Living the Scientific Life (Scientist, Interrupted)

The Kalahari Persistence Hunt

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During a persistence hunt, an antelope, such as a kudu, is not shot or speared from a distance, but simply run down in the midday heat. Depending on the specific conditions, hunters of the central Kalahari will chase a kudu for about two to five hours over 25 to 35 km in temperatures of about 40 to 42°C (104 to 107°F). The hunter chases the kudu, which then runs away out of sight. By tracking it down at a fast running pace the hunter catches up with it before it has had enough time to rest in the shade. The animal is repeatedly chased and tracked down until it is too exhausted to continue running. The hunter then kills it at close range with a spear. Narrated by David Attenborough.


Comments

  1. #1 AK
    April 19, 2010

    Thanks for this link.

    … only one man will undertake it.

    I suspect this is a ritualization, and that when these people really needed the meat for survival there would be several pursuers.

    This is how men hunted before they had weapons

    I doubt it. Even chimpanzees will pick up sticks and throw them. I strongly suspect that carrying weapons during a hunt had become usual by the time Homo ergaster had evolved.

    Running on two feet is more efficient over long distances than running on four.” No. I’ve seen many studies quoted showing that four-footed running by mammals evolved for it is more energy-efficient than human bipedal running. AFAIK the real advantage is the ability to cool down by sweating: the human sweating system can remove ~20 cal/minute for long times, which is enough to make up for the lower energy efficiency. Note, however, that the prey selected is one adapted to short sprints for escape, rather than long-distance running. (Although I’ve read that a man in good condition can run down a horse.)

    Obviously our earliest ancestors didn’t have water bottles. However, I’ve wondered for a while whether there was some co-evolution between Homo ergaster/erectus and large citrus fruits (such as oranges or grapefruit), which could be strung from a length of vine and carried over the shoulder in appropriate numbers.

    This mode of hunting may well have originated with Homo ergaster (with the changes to the foot improving efficiency running at the expense of climbing/scrambling through foliage), however I have a theory that the common ancestor of Homo, Pan, and Gorilla may have had sweat/cooling system similar to ours and practiced a strategy of long-distance chase. (Chimpanzees and Gorillas have very similar distributions of sweat glands to humans, including the loss of apocrine glands from all but the armpits, groin, and head.)

  2. #2 cgauthier
    April 19, 2010

    This has been going around science news for a little while now and I love it. Struggling to develop strong exercise habits, I’ve long thought that the development of rock-hucking, spear-chucking, etc. was the direct result of running being the most hateful activity ever.

    That might have been true for the majority of our ancestors, who would have gladly sat down and waited for the antelope to stroll up and offer its neck, but they were(are) doing it barefoot and it was(is) their equivalent of a full time job.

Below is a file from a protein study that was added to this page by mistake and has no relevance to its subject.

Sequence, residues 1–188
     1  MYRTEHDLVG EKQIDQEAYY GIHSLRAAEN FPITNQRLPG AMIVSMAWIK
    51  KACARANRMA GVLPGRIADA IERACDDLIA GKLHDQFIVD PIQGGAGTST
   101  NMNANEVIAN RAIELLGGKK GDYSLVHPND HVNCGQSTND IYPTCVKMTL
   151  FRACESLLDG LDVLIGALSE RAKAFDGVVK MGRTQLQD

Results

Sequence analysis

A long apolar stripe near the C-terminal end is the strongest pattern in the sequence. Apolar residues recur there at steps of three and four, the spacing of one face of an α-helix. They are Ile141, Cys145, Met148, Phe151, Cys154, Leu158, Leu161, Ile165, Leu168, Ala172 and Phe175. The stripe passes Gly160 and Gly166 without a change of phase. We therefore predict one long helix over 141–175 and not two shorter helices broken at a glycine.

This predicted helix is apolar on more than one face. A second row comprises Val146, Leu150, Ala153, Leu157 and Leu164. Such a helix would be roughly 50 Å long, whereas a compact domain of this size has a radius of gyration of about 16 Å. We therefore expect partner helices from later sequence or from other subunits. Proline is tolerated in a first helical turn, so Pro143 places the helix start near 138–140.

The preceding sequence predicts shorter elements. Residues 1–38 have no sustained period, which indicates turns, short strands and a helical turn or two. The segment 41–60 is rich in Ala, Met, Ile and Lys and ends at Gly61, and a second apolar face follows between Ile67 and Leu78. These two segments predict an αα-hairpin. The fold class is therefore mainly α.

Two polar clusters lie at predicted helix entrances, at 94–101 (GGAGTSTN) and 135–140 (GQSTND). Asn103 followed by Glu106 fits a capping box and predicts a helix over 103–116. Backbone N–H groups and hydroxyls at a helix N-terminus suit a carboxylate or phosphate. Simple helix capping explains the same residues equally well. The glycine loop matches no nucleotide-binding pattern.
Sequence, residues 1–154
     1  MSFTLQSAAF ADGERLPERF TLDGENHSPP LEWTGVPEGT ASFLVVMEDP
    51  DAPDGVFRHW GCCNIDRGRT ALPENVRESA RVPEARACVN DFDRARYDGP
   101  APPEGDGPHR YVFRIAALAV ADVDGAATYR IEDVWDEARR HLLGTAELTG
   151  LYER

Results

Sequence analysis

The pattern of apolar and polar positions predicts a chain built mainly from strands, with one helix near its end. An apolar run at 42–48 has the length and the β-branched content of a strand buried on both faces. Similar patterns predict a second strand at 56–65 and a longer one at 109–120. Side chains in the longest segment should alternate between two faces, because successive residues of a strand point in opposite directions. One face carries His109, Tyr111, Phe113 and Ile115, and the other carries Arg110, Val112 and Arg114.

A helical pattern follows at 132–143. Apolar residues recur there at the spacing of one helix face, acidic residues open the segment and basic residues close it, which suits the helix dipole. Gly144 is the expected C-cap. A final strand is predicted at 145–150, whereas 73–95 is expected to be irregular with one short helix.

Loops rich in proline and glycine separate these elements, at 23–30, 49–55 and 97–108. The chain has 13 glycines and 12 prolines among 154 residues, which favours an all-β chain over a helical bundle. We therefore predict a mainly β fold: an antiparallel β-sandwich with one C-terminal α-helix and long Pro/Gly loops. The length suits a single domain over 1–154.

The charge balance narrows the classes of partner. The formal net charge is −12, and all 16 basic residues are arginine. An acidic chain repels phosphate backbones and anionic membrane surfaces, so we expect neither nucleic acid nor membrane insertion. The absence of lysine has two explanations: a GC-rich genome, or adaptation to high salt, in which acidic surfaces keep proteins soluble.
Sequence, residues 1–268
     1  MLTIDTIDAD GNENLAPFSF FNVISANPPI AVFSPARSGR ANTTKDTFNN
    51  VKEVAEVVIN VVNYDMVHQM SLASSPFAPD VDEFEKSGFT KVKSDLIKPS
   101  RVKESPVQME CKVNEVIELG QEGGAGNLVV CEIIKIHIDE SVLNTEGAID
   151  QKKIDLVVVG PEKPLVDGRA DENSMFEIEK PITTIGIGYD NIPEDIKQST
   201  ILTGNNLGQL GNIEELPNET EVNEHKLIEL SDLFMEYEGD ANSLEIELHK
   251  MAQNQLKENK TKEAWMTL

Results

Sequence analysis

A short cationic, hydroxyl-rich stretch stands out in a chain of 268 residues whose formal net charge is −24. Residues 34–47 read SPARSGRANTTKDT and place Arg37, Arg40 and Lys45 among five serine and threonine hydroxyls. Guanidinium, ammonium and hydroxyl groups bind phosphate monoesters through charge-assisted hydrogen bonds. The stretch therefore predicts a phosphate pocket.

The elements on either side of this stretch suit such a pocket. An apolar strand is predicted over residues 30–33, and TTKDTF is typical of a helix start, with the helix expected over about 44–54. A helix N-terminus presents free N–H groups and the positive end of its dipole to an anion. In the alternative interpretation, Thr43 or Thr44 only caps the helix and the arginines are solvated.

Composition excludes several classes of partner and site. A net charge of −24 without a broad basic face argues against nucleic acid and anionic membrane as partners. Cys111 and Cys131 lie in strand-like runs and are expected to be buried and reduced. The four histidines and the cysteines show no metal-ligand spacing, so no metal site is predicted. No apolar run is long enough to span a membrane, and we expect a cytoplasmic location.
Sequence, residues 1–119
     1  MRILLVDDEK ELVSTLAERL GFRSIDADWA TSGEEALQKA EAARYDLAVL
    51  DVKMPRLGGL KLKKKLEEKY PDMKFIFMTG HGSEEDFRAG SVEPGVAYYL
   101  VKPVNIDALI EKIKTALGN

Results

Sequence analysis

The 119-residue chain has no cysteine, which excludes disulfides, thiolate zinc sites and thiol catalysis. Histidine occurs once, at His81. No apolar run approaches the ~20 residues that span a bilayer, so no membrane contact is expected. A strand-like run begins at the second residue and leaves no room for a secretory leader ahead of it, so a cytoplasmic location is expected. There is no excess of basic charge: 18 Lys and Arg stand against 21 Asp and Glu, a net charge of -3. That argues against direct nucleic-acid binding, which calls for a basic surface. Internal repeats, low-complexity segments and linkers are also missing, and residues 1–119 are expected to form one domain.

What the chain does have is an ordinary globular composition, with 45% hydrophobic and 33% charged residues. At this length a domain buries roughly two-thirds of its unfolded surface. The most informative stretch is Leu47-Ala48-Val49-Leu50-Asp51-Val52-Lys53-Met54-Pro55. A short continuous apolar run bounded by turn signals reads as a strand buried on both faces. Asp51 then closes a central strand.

The idea that my ancestors(and a few contemporaries) had to run dozens of miles in bare feet every few days, just to grab a hunk of meat, for at least hundreds of thousands of years, before wrestling barley into fields and goats into pens inspired me to be a better runner.

    By respecting myself through physical betterment, I’m also paying reverence to my ancestors for the short, hard lives they were given and fought for, which resulted in my flabby, lazy existence. Whenever I run, I take moral support from all those many billions of ancient running apes that shaped the genetic profiles of myself and everyone else in the world.

    Also toe-running. Realizing they did it better with minimal foot-wear was a revelation. Once you strengthen the toes, arches and calves, toe-running is far more comfortable, enjoyable and wreaks less havoc on the knees and spine, ensuring better mobility in old age. It also means not having to buy the latest heel-cushioning technology. Any decent athletic shoe can do just fine.

  3. #3 Amazona farinosa farinosa
    April 21, 2010

    Quadrupedal running may be more efficient from a purely biomechanical standpoint. That is what makes nearly all terrestrial homeotherm quadrupeds faster than H. sapiens at a sprint.

    But, the fact still stands that for extended durations, bipedalism regains in cardiovascular efficiency what it cedes to 4-leggers in the raw mechanical game. It is our ability to modulate breathing independent of stride that allows us to hold a steady pace while keeping enriched O2 levels in the blood.

    A quadruped’s lungs must respire in synch with the animal’s pace. Even if an animal has deliberate control over its breathing, she can’t work against the compression and contraction of the rib cage during a running lope. O2 levels become depleted and the animal must rest. In fact, the accordion bellows analogy is what initially catalyzed the running man hypothesis.

    Perspiration is obviously an advantage, and no doubt was selected for on the African plains. But it’s not the primary reason we can outlast the antelope. Our cardiovascular betters, birds (also bipeds), don’t sweat and many species are paragons of sustained distance travel using continuous exertion.

    I could be wrong, but hunted healthy adult ostrich was probably not on our ancestors’ menu.

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